<component name="MainScene" extends="OverhangPanelSetScene" >
    <interface>
        <field id="exitApp" type="boolean" value="false" />
    </interface>

    <children>

    </children>
    <script type="text/brightscript" uri="pkg://components/MainScene.brs" />
</component>

Then you need to setup your MainScene.brs to alter the exitApp variable on an OK click:

function init() as Void
    print "ExitApp"
end function

function onKeyEvent(key as String, press as Boolean) as Boolean
    if key = "OK" then
        m.top.exitApp = true
    end if
end function

Download the source for this here.

Mood

How to calculate how much texture memory an image will use on a Roku box

Ever found your Roku app running sluggish or even crashing? If you’re building an image heavy application you may be bumping up against your texture memory limits. Since Roku introduced SceneGraph there have been massive improvements in memory handling and a visible reduction in crashes over apps that use SDK1 but have you ever wondered how to calculate how much texture memory an image will take? (Probably not you say? Well I’ll tell you how anyways).

It’s actually fairly simple and comes down to the dimensions of the image rather than any kind of compression technique.

To figure out how much texture memory an image will use in kilobytes just use the following formula (where numberOfChannels is always 4 - RGB and alpha):

(width * height * numberOfChannels) / 1024

To get megabytes just divide by 1024 again.

So if you had an image of dimensions 1280 x 720 you can calculate that this will take up:

(1280 * 720 * 4) / 1024 = 3600 kBs (Approx 3.5 mBs)
Mood

Using HTTPS on a Roku device

I was once developing a Roku application and switched from a staging environment to (what was supposed to be) an identical production environment and everything stopped working. It turned out that the only difference with the API was one was HTTP and one was HTTPS. I know, cool story, bear with me.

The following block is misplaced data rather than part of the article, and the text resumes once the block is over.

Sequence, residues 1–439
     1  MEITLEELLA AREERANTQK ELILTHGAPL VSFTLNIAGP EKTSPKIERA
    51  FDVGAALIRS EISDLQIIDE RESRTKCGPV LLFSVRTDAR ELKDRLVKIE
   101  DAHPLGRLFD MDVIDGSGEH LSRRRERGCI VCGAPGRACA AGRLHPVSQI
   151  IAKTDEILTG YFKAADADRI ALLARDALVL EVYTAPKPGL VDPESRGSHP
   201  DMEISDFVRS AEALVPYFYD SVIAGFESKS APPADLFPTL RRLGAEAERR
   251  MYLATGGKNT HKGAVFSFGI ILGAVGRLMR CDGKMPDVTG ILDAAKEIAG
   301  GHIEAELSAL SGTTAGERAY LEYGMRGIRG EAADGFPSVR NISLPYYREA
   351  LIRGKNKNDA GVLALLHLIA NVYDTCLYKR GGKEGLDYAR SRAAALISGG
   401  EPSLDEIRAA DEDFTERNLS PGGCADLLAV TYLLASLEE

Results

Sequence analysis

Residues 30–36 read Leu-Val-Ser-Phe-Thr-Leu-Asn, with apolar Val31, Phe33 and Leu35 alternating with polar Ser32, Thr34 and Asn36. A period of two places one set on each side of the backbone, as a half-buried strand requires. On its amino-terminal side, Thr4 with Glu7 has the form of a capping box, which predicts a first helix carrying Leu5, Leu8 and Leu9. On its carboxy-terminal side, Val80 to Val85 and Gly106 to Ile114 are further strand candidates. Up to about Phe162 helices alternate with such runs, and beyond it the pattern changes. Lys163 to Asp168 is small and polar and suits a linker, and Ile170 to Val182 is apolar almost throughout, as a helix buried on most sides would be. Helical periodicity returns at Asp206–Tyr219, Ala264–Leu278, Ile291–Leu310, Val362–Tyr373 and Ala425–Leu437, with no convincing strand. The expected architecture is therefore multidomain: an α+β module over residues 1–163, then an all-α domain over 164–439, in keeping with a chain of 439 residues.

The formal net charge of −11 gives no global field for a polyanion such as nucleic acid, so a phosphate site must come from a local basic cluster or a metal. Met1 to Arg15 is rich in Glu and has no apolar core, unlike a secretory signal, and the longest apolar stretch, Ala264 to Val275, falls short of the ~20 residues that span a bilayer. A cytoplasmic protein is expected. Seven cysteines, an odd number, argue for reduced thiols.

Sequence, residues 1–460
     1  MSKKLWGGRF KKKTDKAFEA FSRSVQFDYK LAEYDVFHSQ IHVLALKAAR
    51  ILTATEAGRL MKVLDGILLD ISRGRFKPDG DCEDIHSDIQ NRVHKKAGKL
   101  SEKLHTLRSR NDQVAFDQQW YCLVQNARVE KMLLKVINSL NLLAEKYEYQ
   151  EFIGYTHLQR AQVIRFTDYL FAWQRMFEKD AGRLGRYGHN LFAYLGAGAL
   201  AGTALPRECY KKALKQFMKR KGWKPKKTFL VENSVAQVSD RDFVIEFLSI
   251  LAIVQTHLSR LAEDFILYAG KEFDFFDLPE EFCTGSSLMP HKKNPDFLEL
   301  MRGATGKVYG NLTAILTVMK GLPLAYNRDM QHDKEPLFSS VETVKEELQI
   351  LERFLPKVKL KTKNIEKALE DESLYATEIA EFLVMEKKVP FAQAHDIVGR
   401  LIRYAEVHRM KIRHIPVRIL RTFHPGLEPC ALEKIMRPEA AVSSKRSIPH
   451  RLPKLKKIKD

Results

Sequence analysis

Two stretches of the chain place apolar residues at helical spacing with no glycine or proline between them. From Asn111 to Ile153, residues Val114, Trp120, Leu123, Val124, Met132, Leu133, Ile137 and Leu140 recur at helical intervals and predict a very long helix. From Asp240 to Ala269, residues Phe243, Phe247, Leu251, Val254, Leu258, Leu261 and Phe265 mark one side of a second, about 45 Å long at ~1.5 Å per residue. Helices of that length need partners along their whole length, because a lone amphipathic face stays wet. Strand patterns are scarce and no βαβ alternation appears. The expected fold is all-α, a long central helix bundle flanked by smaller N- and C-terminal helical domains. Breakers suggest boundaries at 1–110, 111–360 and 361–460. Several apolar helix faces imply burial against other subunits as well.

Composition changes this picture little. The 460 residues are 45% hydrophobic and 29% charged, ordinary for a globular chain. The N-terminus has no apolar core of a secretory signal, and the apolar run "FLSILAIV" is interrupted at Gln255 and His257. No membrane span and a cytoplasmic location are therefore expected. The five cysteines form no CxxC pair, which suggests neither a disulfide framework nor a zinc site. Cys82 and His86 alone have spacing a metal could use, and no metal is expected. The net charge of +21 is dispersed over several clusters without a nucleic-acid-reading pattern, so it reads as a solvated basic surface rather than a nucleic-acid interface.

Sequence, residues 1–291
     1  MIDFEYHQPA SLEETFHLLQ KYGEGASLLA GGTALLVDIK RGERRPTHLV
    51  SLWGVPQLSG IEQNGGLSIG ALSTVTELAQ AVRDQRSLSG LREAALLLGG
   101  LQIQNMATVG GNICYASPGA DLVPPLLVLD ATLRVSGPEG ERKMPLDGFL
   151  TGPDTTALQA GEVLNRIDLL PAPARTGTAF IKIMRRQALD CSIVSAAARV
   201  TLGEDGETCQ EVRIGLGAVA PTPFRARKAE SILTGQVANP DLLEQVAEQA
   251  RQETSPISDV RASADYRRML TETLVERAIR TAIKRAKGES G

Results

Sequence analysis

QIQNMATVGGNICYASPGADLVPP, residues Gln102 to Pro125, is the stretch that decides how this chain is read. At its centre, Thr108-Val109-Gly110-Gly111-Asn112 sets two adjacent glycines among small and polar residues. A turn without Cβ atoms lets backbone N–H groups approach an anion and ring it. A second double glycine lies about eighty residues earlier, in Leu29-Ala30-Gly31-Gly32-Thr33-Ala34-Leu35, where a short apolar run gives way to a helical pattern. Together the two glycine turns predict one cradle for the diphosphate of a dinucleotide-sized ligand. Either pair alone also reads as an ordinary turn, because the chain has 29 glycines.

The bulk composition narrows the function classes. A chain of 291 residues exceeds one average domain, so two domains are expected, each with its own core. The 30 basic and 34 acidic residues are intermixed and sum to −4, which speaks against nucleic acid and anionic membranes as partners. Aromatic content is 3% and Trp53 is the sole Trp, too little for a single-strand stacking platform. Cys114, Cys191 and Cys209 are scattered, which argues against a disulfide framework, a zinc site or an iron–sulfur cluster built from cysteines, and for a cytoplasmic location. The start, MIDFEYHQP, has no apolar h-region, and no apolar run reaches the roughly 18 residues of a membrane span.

Generally for a HTTP request you have something like this sat in a task node (to make it asynchronous):

function httpGetRequest(url as String) as Object
	request = createObject("roUrlTransfer")
	request.setURL(url)
	response = request.getToString()
	return response
end function

This is simplified version of what you actually would have as Roku isn’t the best at handling anything other than POST/GET requests - you’d need to handle these yourself (I’ll cover this in another post).

To enable HTTPS you have to set the certificates file and then initialise it. The certificate file is either the .pem file on your web server or the common one listed below (if you don’t know try it with the file listed below, it is included on all Roku boxes). Add the following to the code we wrote above:

if left(url, 5) = "https" then
	request.setCertificatesFile("common:/certs/ca-bundle.crt")
	request.initClientCertificates()
end if

The complete request would look something like this:

function httpGetRequest(url as String) as Object
	request = createObject("roUrlTransfer")
	if left(url, 5) = "https" then
		request.setCertificatesFile("common:/certs/ca-bundle.crt")
		request.initClientCertificates()
	end if
	request.setURL(url)
	response = request.getToString()